Thanks again for your thoughts!
Beth, I have always wanted to learn to weave a tartan scarf. In 2016, I found a weaver in Virginia who teaches tartan weaving (including classes at the John C. Campbell Folk Art School in the Blue Ridge Mountains of North Carolina). For distant experienced weavers (I am in Tucson, AZ), she offers kits (2 scarves per kit) on Etsy, once you know which tartan you want to weave. Her detailed instructions were excellent, and she graciously provided email support. For my chosen Gordon Dress tartan, she provided the “sett,” which is the precise order of the five colors from the registry of tartans in Scotland. The yarn in the tartan kit was an 18/2 Jaggerspun superfine Merino, a lightweight merino wool spun in Maine by Jaggerspun mills from Australian wool. Although the kits are for two scarves, I wanted to make three and she provided the additional yarn (my warp was 7.5 yards for those scarves).
Here’s the tartan scarf kit on Etsy: https://www.etsy.com/listing/111319629/custom-tartan-scarf-kits
And the photo below was taken when I started the warp on my previous Schacht Mighty Wolf loom.
These were fun to weave and turned out beautifully!
Now that Thanksgiving is over, the Monte Cristo yarn is on the back beam, and I’m looking at heddle counts and weaving width. This is only my fourth project on my 90cm David loom, and I’m probably overthinking this (I usually do!)…. but here are my questions.
This is a 4-shaft project and 70 heddles are needed on the first harness, and 68 on the 2nd through 4th harnesses. (I have 125 heddles on each of my 8 harnesses.) The width in the reed is 35″ and, for winding on, I used every space in the raddle to spread the warp! It appears that I would need to remove all heddles from harnesses 5-8, and the excess heddles from harnesses 1-4) in order to utilize the full 35″ (90cm) weaving width of the David loom. Correct? Any other full-width weaving advice/tips?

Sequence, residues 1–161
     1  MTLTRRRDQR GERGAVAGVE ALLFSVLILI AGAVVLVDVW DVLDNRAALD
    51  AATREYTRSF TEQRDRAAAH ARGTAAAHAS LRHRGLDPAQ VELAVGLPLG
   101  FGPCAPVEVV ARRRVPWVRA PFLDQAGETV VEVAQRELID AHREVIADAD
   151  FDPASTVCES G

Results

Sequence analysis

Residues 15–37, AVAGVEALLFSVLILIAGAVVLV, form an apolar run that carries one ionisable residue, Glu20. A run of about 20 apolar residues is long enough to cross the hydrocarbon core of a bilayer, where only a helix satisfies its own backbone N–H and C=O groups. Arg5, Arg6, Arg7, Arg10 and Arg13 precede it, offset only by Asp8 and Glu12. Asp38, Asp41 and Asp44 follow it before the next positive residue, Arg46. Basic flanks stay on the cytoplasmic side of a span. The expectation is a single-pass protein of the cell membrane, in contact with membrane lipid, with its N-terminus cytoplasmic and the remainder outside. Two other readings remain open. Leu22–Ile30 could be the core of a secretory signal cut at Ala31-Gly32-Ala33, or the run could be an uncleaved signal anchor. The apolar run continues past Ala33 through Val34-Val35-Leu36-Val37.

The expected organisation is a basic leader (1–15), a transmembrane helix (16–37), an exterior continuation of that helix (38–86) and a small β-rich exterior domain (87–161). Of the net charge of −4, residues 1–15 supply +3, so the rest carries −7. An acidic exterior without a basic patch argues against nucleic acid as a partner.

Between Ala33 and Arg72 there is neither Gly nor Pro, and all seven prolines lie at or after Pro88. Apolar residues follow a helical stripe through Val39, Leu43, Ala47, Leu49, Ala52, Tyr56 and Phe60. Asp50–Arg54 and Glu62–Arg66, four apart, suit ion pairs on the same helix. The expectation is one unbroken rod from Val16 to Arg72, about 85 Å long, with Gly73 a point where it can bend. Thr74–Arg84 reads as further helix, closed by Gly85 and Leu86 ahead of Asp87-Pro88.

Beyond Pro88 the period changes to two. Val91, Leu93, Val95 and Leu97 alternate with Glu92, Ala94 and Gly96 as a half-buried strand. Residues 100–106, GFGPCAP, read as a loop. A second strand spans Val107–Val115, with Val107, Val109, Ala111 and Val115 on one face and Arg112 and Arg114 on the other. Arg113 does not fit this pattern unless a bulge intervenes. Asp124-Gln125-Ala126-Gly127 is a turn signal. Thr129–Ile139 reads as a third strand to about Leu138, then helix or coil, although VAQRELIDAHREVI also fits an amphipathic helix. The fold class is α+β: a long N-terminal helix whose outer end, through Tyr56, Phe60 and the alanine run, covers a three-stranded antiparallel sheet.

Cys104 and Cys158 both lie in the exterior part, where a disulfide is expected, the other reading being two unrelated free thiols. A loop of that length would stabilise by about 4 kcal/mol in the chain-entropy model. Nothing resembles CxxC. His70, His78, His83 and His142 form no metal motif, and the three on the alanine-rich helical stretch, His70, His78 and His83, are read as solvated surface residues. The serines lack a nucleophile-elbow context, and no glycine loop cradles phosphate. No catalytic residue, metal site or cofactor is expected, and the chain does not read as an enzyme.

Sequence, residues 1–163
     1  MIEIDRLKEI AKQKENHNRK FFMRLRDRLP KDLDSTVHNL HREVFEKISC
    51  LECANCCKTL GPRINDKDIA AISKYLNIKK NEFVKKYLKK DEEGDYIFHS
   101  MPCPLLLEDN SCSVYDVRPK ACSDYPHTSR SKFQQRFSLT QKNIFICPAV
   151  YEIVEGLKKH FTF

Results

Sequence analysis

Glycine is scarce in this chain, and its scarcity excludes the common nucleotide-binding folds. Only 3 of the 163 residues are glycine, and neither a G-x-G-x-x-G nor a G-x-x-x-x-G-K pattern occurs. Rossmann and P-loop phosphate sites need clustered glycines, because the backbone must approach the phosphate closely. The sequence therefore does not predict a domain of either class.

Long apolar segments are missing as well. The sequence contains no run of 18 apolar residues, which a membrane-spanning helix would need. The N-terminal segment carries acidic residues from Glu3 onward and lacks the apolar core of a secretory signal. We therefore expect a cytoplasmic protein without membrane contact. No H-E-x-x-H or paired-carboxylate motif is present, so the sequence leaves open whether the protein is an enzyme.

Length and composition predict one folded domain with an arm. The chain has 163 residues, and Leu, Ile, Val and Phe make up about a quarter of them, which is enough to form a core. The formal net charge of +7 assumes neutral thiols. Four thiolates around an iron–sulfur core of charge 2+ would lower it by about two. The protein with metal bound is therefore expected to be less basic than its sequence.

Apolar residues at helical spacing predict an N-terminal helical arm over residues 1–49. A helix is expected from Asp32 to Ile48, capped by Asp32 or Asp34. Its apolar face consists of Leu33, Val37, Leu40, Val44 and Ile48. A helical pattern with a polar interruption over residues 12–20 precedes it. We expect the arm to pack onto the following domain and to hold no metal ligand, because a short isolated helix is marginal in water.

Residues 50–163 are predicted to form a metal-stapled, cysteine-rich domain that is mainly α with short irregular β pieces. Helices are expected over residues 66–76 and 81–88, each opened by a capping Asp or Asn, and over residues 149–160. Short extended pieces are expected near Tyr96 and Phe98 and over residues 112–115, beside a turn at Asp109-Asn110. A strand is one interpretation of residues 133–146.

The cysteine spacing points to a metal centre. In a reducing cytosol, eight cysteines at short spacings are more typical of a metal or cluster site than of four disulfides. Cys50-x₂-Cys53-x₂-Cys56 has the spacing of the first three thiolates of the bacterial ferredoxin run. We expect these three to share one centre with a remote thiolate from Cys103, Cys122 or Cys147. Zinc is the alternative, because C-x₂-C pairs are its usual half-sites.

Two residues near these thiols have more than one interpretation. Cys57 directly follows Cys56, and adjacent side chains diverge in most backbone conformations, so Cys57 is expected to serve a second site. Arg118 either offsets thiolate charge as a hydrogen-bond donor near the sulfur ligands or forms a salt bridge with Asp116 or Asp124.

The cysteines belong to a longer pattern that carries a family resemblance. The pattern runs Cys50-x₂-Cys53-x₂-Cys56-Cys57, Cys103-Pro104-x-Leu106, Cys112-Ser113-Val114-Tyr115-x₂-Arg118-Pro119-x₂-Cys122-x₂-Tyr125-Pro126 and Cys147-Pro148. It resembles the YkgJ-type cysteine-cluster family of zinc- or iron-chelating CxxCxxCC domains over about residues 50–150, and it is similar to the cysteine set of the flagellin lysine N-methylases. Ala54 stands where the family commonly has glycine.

I’m probably an advanced beginner (or a novice intermediate), and know just enough to be dangerous… but not always useful! Many thanks in advance for the help from this invaluable forum!
Ah, Mary, thank you! That makes perfect sense, and would account for all 274 ends. Many thanks again!
I’m getting ready to warp this project (Monte Cristo Baby Blankie kit), and planning the heddle count. I’m a bit confused with the threading sequence (1-2-3-4) which doesn’t appear to account for all 274 ends of the warp. Directions are “thread 44 ends, one end per heddle, then thread 2 ends together in one heddle. Repeat this sequence 4 more times. End with your last 44 ends, one end per heddle…. the double thread will occur on different shafts. The first double threads will be on the first shaft, the second on the second shaft, and so on.” So, there are 6 groups of 44 threads (264 ends) and 5 additional ends for doubling (one at the end of the first 5 sections of 44 ends), for a total of 269 ends, correct? If so, then there are 5 additional ends not accounted for in the 274-end warp.
Can someone who has warped this project help me with my confusion? MANY thanks in advance!
Thanks for the quick reply and kind words of support! I will give it a try. I have done reed substitution before, but not with the rather distinct sleying directions that this project requires.
BTW, I also use an overhead light and a floor lamp, but my LED floor lamp provides fantastic lighting… and in 4 different color modes with a dimmer. It’s $45 on Amazon:
Hope this helps! And, thanks again!
- This reply was modified 4 years, 3 months ago by Patricia.
Before my current David loom, I had a Mighty Wolf that I warped B2F. I found a photo of how I used to tie onto the third (extra) wooden Schacht back apron rod with snap rings and a little bit of Texsolv cord.
I learned the technique from Madelyn van der Hoogt, the former Handwoven editor and now founder/teacher of the Weaver’s School in WA state (I’ve attended two class series there): https://www.weaversschool.com/
She recommended 1/2″ snap rings; she found them at Ace Hardware. I ended up using 3/4″ snap rings (called “gate rings”) which I found on Etsy (no luck in local/hardware stores).
I now have a metal rod with the David and use Jane’s technique for attaching with just a loop of Texsolv cord.
FYI, there is no concern regarding the gap that is created between the actual apron rod and the extra apron rod for B2F warping. I used one ring at either end, and if the width of the warp in the reed is more than 18″, I put one in the middle (as you can see in my photo).